Restaurant brands that are reimaging themselves are paying close attention to the visual experience within their new prototypes.

While many redesigned restaurant models include expanded or more flexible seating options that aim to be more convenient for guests and more efficient for staff, they also feature upgrades meant to give customers visual cues about the food and service. For instance, chains such as On the Border, Panda Express, Domino’s Pizza, Wendy’s and Granite City Food & Brewery are investing in more display cooking and digital signage elements.

Quality on display

Several chains are testing out more display cooking in their new store models, from an open kitchen at a new On The Border to the “Pizza Theater” in place at a handful of remodeled Domino’s units.

Dennis Lombardi, executive vice president of Columbus, Ohio-based WD Partners, said lots of sight lines into the kitchen at full-service restaurants or even a limited-service restaurant like Domino’s can be as important to consumer perception of food quality as the photos on the menu or menu board.

“That move toward more theater is being pushed around the idea of freshness, wholesomeness and made-from-scratch cooking, and the desire to create those perceptions,” Lombardi said. “Consumers can’t discern between what’s made on site or what’s finished on site, so even a finishing kitchen that is open to them would work.”

At a recently opened prototype in Bedford, Texas, 155-unit On the Border Mexican Grill & Cantina incorporated a more open kitchen where guests could catch a glimpse of food being built. The chain also makes fresh guacamole tableside. Chief executive Stephen Clark said On the Border considered changes to everything the consumer sees in the restaurant.

“It’s meant to enhance the overall guest experience and perceptions of the brand,” he said. “We’ll be looking at music and uniforms, plateware, glassware, and the menu look, feel and design, in addition to culinary enhancements to core items and … new items.”

Domino’s only has about 12 of its 4,900 domestic restaurants fully remodeled to include its pizza theater, where guests can look into the kitchen and watch dough being tossed and pies getting topped, but spokesman Chris Brandon said future remodels and new builds would incorporate the more open kitchen whenever possible.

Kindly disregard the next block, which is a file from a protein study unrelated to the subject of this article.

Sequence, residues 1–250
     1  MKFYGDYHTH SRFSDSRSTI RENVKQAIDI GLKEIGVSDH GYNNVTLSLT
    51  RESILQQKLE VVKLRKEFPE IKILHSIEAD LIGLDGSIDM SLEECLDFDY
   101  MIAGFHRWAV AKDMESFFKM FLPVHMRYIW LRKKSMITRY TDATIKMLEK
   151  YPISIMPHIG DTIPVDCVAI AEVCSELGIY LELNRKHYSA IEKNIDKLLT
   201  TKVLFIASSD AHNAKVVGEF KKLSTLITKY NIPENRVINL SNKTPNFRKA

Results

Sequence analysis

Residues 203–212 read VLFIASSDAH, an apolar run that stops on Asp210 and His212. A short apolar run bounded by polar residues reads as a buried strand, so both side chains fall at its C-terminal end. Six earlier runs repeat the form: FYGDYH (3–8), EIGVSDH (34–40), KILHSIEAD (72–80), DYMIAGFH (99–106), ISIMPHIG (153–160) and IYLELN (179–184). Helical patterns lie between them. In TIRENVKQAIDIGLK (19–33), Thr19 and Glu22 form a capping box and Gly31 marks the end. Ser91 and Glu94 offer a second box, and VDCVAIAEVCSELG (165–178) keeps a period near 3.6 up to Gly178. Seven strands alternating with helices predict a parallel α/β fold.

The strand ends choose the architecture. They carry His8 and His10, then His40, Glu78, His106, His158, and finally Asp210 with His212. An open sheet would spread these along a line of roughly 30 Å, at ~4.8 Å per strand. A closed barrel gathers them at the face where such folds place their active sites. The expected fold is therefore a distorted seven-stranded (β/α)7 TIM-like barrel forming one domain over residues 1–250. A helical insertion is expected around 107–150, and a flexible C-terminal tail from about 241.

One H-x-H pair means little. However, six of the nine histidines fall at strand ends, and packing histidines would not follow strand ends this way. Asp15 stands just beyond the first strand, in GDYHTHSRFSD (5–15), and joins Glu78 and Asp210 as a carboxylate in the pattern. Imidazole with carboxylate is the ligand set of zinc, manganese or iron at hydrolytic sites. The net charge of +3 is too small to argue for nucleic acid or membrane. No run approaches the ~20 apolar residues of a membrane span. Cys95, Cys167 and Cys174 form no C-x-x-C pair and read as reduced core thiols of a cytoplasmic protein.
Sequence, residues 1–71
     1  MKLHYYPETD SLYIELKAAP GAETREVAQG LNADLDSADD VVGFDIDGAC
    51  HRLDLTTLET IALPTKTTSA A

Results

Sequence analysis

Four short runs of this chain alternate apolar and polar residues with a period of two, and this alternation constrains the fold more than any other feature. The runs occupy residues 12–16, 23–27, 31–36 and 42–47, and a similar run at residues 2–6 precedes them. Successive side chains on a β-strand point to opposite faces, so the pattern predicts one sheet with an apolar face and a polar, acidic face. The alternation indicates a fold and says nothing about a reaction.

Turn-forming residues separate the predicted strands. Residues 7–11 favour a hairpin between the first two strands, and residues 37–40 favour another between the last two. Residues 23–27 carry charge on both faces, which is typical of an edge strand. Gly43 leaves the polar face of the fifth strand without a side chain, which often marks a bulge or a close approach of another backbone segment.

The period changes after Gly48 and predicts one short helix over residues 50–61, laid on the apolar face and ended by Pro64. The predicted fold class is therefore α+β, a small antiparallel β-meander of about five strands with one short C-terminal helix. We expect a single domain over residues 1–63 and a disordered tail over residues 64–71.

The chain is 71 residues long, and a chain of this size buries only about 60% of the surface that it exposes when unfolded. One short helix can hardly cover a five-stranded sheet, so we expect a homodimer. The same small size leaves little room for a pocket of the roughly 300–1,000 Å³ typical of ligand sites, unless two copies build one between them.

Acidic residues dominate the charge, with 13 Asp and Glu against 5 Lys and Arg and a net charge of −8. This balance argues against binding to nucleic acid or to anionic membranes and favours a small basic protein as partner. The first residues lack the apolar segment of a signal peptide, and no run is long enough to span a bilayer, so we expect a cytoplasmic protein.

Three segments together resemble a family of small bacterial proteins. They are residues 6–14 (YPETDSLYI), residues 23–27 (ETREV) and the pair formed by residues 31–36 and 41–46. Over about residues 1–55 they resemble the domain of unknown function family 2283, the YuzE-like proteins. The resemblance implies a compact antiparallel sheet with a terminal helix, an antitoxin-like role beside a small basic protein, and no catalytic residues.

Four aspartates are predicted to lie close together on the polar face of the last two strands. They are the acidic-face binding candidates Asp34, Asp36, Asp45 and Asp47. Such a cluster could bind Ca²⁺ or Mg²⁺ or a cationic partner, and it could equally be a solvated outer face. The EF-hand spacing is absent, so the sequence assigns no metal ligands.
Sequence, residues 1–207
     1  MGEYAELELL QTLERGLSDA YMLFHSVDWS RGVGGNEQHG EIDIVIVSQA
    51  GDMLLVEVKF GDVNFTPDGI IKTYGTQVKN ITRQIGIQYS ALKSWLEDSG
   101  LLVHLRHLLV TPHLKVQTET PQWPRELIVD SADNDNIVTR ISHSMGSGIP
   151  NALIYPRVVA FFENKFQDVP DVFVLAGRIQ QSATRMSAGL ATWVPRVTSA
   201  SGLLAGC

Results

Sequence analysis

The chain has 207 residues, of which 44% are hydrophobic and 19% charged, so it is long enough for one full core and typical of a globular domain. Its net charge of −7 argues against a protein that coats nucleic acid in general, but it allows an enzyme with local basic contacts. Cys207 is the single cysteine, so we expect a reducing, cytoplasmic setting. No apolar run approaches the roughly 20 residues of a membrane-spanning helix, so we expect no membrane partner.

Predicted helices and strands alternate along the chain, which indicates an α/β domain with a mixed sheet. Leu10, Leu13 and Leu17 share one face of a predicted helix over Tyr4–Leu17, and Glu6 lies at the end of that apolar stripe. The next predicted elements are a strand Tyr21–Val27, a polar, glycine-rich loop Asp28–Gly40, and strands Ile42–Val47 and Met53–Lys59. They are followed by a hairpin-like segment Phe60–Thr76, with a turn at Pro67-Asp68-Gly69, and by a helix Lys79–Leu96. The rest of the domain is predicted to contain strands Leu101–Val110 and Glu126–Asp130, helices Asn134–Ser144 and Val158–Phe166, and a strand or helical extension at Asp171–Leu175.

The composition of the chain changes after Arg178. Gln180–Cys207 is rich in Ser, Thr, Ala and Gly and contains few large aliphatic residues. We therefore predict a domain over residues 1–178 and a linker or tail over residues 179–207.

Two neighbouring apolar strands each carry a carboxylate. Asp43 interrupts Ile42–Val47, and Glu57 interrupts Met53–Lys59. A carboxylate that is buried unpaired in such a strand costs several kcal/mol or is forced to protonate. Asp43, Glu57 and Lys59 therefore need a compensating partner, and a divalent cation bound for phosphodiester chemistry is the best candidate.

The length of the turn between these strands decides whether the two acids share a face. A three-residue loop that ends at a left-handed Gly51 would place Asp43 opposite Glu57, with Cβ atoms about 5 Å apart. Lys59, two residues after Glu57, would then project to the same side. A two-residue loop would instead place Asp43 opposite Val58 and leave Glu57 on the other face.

He stressed that the design upgrade was not intended to keep pace with fast-casual competitors but rather to reclaim the chain’s heritage as a pizzeria.

“The cool thing about this is we’re continuing a tradition from our stores and most pizzerias,” he said. “People wondered if we’re jumping on the bandwagon of being more interactive and digital, because a lot of QSRs have gone that way, but we’re not mimicking anybody. It’s more about re-energizing the tradition of the pizzeria, where you see the prep process and watch cooks tossing the dough.”

Guests at the newest Granite City location can’t see inside the giant brewing stills where the chain’s proprietary beers are made, but they’re no less a focal point than other display-cooking elements at other restaurants.

A significant architectural difference for Granite City’s prototype in Troy, Mich., is that the on-site brewery is more central and visible from the bar area, which chief executive Rob Doran hoped would build up bar business even more.

Granite City also rearranged seating in the redone bar area to capitalize on the visual cues from the brewery. “During our research, we learned that 40 percent of people came to our restaurants in parties of two, but there weren’t any two-tops to be found,” Doran said. “We swapped out a lot of four- and six-seaters for banquettes with more flexibility. The customer has really responded with a lot of repeat business.”

Signs of the times

At the newest location of nearly 1,500-unit Panda Express, a prototype in Balch Springs, Texas, nearly all the menu signage is digital above the make line and in the drive-thru lane. The chain also has switched much of its lighting to light-emitting diode, or LED, which not only looks more modern but is more energy-efficient, said Tabassum Zalotrawala, Panda Express’ vice president of architecture, engineering, facilities and strategic sourcing.